Socialist Forced Crap-Feeding In Austin
"Climate change may be the most critical issue we face today. That may seem like a dramatic statement, but all the science points to catastrophic results if we don't quickly get a handle on this growing problem." (source)If all the science points to catastrophe (which of course it doesn't), why the "may." Wouldn't global warming be the most critical issue we face of the science really pointed to global catastrophe on an unprecedented scale?
Austin intends to reduce emissions of CO2 to "almost nothing" by 2020, Wynn says. Of course he's lying for headlines. The city's goal is merely to have 30% of its power from renewable resources by 2020.
I'm all for conservation, especially if it's market-driven, not Socialist forced crap-feeding, but even if Austin reaches it's goal, it will make absolutely no difference. But don't let facts get in the way of politicians chasing so determinedly after symbolism. The vote came with no cost estimates, details or timelines. Why be bothered with such trivialities when there are headlines to be grabbed?
Related Tags: Global Warming, Austin, Will Wynn
Here's what we know of Austin's plan at this time:
- Imposing very tough green standards on new houses -- which are already more energy efficient than old houses -- while imposing nothing on the residents of old houses, where voters actually live today.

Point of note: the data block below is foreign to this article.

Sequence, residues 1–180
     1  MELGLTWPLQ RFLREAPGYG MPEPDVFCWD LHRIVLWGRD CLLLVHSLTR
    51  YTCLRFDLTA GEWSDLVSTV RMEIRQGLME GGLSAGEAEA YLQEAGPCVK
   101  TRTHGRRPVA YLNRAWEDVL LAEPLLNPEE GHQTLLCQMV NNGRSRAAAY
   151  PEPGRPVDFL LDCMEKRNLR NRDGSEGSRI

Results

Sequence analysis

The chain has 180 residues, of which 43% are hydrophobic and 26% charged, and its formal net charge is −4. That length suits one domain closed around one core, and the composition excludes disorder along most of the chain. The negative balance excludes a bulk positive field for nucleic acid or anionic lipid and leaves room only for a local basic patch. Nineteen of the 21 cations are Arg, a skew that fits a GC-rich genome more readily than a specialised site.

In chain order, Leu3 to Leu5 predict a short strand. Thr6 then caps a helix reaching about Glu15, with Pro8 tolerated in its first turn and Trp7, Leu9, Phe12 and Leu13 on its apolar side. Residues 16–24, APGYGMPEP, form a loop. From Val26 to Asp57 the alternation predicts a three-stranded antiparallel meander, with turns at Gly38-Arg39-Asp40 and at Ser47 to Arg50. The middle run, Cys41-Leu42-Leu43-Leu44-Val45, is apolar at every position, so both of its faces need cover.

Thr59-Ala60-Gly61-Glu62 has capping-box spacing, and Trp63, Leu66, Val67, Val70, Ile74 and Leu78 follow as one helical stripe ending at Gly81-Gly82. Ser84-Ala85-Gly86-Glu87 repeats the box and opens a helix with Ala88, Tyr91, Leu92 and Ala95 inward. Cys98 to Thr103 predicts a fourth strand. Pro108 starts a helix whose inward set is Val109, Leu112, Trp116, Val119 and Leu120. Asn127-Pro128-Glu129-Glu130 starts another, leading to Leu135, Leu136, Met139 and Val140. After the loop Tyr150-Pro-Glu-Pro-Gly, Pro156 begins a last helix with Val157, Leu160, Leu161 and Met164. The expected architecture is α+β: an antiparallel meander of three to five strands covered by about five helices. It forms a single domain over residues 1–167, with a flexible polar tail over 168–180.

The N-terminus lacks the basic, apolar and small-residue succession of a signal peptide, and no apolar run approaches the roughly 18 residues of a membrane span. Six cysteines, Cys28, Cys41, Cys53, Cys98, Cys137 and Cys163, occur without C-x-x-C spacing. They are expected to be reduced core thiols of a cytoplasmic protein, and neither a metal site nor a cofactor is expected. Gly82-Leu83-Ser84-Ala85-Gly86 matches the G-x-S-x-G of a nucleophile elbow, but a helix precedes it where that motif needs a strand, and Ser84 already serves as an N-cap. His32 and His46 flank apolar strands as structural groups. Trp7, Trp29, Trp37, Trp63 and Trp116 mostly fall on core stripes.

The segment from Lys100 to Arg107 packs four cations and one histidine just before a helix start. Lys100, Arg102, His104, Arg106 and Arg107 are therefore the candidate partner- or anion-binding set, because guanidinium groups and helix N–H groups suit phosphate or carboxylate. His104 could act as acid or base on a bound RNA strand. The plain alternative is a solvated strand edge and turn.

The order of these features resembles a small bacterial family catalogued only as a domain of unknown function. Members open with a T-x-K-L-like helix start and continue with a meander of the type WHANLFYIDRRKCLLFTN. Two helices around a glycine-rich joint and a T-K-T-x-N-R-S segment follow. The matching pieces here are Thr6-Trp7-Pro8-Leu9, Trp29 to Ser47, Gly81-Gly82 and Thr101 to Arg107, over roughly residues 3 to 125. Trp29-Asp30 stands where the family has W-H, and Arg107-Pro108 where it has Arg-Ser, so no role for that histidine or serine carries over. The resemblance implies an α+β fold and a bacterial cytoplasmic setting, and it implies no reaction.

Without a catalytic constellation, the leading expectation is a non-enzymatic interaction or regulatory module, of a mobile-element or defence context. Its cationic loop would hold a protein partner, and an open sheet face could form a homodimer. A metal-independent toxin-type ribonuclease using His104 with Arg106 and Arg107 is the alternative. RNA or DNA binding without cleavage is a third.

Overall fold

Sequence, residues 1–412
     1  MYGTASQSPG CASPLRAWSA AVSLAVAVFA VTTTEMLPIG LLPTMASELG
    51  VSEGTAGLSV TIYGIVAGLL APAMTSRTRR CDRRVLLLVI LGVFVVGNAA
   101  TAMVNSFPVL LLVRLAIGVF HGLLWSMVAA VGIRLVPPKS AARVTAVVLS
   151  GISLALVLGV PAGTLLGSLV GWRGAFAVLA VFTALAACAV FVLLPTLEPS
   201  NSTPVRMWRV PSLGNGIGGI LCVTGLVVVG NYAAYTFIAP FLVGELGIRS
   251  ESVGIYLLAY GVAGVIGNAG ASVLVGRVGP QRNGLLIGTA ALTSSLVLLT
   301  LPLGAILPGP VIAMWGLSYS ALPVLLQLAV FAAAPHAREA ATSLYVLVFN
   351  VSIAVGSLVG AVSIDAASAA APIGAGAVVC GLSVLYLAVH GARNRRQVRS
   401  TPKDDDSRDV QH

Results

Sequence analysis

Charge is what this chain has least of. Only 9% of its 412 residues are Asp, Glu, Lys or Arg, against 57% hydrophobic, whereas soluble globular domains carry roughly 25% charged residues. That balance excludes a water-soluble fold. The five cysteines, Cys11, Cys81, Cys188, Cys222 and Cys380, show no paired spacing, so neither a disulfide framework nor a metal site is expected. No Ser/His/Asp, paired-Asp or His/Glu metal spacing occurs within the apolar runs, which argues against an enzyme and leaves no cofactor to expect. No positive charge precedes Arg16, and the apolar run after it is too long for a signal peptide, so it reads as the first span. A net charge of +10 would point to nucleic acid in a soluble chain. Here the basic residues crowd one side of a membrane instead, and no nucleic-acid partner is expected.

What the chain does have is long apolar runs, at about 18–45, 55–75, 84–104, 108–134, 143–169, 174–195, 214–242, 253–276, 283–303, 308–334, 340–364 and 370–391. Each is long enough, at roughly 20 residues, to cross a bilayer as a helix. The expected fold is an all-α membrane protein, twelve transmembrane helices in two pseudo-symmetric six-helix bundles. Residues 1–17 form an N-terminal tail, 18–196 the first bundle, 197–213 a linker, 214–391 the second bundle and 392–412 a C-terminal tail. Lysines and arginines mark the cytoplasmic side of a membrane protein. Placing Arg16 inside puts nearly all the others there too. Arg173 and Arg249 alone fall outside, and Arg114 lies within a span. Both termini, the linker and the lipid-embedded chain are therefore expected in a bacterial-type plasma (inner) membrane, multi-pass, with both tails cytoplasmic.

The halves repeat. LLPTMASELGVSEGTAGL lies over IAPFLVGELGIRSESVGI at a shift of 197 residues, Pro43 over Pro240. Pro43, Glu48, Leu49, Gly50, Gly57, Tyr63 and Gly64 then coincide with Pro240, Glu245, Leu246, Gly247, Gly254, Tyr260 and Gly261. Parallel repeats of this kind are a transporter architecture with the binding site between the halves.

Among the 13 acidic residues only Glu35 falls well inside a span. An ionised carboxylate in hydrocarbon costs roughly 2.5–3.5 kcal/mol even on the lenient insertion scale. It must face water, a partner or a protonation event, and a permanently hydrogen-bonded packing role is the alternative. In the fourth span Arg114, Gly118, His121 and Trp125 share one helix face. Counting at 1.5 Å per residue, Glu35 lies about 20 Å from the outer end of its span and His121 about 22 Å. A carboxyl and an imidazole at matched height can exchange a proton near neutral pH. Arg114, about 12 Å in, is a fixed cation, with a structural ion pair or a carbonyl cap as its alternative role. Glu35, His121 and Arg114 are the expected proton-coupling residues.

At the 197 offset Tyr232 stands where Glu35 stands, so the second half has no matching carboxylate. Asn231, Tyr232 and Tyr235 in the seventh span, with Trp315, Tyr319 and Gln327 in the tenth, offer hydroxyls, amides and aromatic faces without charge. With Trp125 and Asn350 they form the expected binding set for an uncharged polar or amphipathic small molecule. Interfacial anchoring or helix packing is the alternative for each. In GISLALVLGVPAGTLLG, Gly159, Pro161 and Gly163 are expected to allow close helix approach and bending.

- The new owners of existing homes will get dinged, though, if the city does in fact force energy audits and energy upgrades on all homes at resale. While appliance manufacturers and window companies may think that's swell, realtors and citizens won't like it at all.
- Have wind and solar provide up to 30% of Austin's power by 2020. That's a possible, but expensive goal. The problem is that in the summer, when ACs are cranking, the wind is still, so windfarms won't help. In the winter, when heaters and electric blankets are cranking, the solar won't help much. So the capacity of each system will have to be large; nevermind that oil is efficient in winter and summer.
- Austin's proposed spiffy new coal burning power plant, which would use the latest technology to burn coal cleanly, apparently would have to be scrapped if Wynn really wants a carbon footprint of "almost zero." But then, brownouts and blackouts caused by power shortages do lesson carbon footprints.
- Austin's 38,000-car fleet (why does a city the side of Austin need 38,000 cars?) will be gradually replaced with hybrids, electric and biofuel cars. Nevermind that all have carbon footprints, albiet smaller than conventional gas or diesel engines.